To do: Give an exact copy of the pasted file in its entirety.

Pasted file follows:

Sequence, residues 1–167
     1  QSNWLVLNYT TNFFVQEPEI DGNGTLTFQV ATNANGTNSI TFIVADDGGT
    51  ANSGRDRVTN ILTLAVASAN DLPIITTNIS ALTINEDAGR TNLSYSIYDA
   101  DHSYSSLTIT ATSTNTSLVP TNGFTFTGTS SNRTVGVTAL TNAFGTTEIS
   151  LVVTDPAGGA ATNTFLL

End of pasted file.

Sequence, residues 1–167
     1  QSNWLVLNYT TNFFVQEPEI DGNGTLTFQV ATNANGTNSI TFIVADDGGT
    51  ANSGRDRVTN ILTLAVASAN DLPIITTNIS ALTINEDAGR TNLSYSIYDA
   101  DHSYSSLTIT ATSTNTSLVP TNGFTFTGTS SNRTVGVTAL TNAFGTTEIS
   151  LVVTDPAGGA ATNTFLL